5. Directional hearing: Humans have an interaural distance of approximately 20 cm, which makes the time difference of the signal reaching the brain from different directions equal to 0.0572 ms due to the path difference. A barn owl with an interaural distance of approximately 5 cm perceives a time difference of 0.0143 ms. it receives sounds 20 dB below our hearing threshold, with a wave amplitude of 0.001 nm. According to the traveling wave theory, these waves should be mechanically amplified. The difference in the intensity of the wave heading to both ears is also recognized, caused by the loss of energy along the way [2].
  6. Inertia: Elements of the middle and inner ear that have mass are set to vibrate. There is acceleration in wave motion. The inertia in this wave motion is: (2 pi x frequency)2 x amplitude. In Bekesy's theory, inertia is not properly taken into account. In wave motion, inertia increases proportionally to the square of the frequency of the vibrating mass [6]. It is important for high frequencies. A sound wave has no mass and is not subject to the law of inertia. It goes to the receptor through a different route.
  7. Frequency resolution: The traveling wave theory relates the ability to recognize frequencies to resonance with the basilar membrane. When the basilar membrane is immobilized, wave resonance is also disabled and frequency resolution is preserved. The ability of the hair cell receptor to receive a specific stimulus in the form of a sound wave with a limited frequency determines frequency discrimination. The hair cell receptors are molecules sensitive to the mechanical energy of the sound wave (sound-sensitive molecules), responsible for gating the potassium mechanosensitive channels of the hair cell wall.
  8. Energy quantization: The sound wave transmits quantized energy to the receptor, which means that the increases and decreases in energy are sudden. There is no continuity of changes at every stage of information transmission [7]. In Bekesy's theory, the adoption of this principle is impossible in relation to fluid flows, pulling up the basilar membrane by OHC contractions, tilting or bending hairs of hair cells, or tensioning cadherin threads connecting adjacent hairs (tip-links mechanism). Cadherin threads cannot close potassium channels. It was figured out (J. Hudspeth) that this task is performed by myosins. For high frequencies, myosins are too slow.
  9. Energy transformations on the way to the receptor. Longitudinal wave in the atrial fluid - transverse wave on the basilar membrane - longitudinal wave of the cochlear fluid mass - tilting of the hairs of the hair cells - tightening of the cadherin threads - opening of OHC potassium channels - depolarization of the OHC - contraction of the OHC - pulling up of the basilar membrane (at this time there are already other waves on the basilar membrane) - amplification of the wave deflection (which) - increased movement of cochlear fluids - tilting of IHC hairs - reception and transmission to the brain [8]. Two questions arise: Why does the enhanced fluid movement in the subsegmental space only cause the IHC hairs to tilt and not the OHC hairs at the same time? The second question concerns OHCs - they have afferent innervation, but they do not send information to the brain, because according to the theory, they only serve as an amplifier for IHC.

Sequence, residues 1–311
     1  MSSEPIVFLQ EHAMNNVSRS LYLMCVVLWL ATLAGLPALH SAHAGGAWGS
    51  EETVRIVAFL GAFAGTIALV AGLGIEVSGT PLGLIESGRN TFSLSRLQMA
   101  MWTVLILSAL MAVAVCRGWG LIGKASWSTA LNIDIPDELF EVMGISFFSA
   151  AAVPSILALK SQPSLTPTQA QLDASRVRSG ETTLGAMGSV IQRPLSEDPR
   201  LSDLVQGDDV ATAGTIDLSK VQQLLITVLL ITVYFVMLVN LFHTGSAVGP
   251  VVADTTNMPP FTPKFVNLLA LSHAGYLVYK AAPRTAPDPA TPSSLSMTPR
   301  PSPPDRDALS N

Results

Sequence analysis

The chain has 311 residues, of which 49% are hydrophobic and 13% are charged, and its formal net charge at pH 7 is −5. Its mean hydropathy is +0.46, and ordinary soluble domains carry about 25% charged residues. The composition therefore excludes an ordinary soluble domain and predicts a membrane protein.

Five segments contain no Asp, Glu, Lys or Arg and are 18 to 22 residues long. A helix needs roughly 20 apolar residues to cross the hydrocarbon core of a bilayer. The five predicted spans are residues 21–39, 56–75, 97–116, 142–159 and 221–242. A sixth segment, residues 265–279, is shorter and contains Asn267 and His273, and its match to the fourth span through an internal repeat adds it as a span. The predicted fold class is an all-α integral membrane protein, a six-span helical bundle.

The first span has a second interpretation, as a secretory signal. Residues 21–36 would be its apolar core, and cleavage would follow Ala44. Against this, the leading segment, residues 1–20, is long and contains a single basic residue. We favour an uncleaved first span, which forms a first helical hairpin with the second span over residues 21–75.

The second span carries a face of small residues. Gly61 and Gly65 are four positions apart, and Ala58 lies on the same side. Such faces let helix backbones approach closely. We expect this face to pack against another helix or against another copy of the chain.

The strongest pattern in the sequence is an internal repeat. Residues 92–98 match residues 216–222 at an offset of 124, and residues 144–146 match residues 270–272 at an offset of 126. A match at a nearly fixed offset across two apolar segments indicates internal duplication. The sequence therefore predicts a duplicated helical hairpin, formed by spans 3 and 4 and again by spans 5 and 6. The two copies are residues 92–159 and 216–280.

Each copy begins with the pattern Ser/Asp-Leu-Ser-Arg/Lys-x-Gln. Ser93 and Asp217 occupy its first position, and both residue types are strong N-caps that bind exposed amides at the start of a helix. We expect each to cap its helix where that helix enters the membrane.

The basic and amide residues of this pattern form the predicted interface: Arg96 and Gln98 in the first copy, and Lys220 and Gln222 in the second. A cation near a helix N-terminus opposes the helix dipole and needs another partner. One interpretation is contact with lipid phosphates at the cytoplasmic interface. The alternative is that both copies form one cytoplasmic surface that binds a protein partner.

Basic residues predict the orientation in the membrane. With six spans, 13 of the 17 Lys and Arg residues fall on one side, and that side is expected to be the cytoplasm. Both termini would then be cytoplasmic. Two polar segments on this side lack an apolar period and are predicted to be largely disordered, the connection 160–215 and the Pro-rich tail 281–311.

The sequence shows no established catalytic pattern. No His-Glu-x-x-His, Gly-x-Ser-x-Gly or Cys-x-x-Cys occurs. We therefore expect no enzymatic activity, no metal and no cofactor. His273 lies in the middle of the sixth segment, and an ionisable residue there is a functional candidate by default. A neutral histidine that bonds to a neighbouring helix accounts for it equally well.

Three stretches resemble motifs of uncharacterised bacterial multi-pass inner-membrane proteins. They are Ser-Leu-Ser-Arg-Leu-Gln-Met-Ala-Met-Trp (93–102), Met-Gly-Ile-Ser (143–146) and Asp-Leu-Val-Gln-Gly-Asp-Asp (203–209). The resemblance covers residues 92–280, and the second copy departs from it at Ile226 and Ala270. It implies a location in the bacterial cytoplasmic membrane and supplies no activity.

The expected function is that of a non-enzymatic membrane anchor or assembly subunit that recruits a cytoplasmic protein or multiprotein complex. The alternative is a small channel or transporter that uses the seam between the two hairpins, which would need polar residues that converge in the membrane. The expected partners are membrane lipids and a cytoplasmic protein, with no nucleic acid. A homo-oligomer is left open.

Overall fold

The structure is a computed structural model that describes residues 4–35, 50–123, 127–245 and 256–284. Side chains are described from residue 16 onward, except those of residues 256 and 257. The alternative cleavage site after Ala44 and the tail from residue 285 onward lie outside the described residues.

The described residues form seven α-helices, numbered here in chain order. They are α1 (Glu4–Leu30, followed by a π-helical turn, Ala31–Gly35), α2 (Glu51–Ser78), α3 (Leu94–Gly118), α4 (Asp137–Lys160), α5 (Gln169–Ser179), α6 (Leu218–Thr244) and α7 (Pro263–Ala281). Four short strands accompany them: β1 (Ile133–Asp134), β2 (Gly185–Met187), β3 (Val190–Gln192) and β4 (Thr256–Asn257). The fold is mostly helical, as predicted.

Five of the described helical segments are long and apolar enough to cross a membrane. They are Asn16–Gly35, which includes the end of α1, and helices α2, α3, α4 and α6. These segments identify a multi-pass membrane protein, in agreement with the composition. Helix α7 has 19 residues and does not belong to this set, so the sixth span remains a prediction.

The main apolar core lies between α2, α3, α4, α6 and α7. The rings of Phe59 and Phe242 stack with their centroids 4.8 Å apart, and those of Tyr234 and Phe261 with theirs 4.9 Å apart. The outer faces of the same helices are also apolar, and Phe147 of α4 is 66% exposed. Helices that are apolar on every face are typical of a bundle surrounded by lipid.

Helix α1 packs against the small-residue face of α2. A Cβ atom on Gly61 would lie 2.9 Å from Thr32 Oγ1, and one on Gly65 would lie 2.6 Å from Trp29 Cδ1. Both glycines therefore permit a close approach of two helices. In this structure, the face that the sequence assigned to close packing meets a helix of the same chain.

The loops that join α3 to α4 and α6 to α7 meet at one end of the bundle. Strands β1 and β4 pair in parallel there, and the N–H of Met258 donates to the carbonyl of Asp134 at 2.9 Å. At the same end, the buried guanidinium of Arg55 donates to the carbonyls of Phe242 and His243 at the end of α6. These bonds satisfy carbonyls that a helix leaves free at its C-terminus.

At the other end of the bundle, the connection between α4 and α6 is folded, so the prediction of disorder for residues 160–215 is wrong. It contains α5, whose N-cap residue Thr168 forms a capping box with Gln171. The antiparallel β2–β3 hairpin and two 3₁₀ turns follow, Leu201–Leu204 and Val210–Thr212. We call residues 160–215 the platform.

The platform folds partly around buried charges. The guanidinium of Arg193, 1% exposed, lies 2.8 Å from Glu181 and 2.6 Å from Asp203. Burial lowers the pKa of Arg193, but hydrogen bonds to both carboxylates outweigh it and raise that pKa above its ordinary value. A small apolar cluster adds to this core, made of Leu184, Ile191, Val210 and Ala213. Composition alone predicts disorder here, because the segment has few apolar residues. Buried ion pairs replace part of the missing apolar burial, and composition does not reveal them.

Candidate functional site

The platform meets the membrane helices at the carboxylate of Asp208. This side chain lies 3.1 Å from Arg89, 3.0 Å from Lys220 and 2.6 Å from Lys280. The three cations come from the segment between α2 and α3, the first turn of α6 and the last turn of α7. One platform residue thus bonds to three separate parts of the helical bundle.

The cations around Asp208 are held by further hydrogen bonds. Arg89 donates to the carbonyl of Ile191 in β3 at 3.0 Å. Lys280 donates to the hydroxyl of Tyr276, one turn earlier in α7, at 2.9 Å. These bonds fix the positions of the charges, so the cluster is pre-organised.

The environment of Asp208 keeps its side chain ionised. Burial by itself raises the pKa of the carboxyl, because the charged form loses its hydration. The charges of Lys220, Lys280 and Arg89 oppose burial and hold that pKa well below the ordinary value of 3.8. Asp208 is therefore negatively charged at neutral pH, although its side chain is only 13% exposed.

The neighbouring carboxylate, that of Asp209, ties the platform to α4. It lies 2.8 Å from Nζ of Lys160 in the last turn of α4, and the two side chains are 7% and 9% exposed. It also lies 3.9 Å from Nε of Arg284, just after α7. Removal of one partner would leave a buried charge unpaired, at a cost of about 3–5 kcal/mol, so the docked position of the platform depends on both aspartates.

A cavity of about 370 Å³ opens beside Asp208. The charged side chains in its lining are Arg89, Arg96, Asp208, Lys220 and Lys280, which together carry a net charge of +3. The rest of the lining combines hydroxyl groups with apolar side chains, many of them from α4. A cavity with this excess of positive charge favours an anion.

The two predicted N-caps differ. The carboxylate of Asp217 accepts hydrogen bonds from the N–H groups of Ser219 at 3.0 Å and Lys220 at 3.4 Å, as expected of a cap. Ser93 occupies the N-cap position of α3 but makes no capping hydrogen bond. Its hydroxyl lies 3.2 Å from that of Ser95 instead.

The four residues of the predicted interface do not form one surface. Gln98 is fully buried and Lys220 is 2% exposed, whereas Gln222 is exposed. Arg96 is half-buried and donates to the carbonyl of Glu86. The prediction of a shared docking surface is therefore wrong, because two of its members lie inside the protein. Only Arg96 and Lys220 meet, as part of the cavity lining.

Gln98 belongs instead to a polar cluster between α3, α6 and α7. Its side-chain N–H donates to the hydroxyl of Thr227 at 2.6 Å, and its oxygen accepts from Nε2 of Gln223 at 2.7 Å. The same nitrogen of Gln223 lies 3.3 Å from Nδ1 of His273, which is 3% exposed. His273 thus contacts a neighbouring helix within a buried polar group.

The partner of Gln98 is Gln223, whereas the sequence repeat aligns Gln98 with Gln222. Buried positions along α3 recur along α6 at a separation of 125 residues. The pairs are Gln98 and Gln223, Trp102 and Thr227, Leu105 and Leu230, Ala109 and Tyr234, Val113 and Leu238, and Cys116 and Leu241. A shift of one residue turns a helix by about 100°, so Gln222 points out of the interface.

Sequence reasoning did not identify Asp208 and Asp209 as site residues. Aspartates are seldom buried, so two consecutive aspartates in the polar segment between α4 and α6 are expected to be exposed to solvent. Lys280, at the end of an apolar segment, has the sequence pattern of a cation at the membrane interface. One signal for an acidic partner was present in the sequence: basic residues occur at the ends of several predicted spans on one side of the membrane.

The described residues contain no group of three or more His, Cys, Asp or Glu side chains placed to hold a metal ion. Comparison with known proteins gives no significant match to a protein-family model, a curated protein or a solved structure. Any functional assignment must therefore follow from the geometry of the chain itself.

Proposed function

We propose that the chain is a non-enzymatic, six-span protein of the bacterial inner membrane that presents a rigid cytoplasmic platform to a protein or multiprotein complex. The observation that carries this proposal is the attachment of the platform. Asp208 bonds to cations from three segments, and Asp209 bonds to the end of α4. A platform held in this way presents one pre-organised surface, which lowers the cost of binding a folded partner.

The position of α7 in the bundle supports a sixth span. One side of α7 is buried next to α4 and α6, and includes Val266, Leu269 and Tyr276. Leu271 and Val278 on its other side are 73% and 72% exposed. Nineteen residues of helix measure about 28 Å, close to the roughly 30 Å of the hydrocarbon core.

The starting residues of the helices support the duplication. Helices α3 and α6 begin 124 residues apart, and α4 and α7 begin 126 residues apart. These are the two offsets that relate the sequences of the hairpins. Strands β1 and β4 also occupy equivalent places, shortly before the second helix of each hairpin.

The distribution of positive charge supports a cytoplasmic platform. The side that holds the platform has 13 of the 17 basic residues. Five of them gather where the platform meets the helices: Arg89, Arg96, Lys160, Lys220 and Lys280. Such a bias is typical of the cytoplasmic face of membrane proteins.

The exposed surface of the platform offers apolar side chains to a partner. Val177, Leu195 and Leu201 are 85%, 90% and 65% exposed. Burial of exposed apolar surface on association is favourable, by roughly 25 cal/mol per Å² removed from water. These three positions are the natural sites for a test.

10. Polytone encoding: There is no explanation of how information about polytones with numerous harmonic components and phase shifts is encoded by the basilar membrane, cochlear fluids, hairs of hair cells and cadherin filaments.                               
  11. Oscillating (rocking) movements of the stirrup: The spherical incudostapedial joint allows the stapes plate to move in various planes. At low frequencies, it is a piston movement - used in stapedotomy operations. At higher frequencies, the stapes plate vibrates in the transverse axis of the plate. At the highest frequencies, the plate vibrates in the longitudinal axis of the plate. It should be noted that such plate movements cause one half of the plate to generate fluid movement towards the cap. Whereas the other half of the plate simultaneously generates fluid movement in the opposite direction [9]. Opposite fluid motion cannot encode and transmit information? How is resonance and traveling waves created on the basilar membrane?